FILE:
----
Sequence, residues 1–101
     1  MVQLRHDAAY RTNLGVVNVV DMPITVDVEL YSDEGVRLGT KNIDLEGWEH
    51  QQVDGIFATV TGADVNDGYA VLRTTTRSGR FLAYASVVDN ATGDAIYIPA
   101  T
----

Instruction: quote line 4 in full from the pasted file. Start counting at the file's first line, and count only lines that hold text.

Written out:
   101  T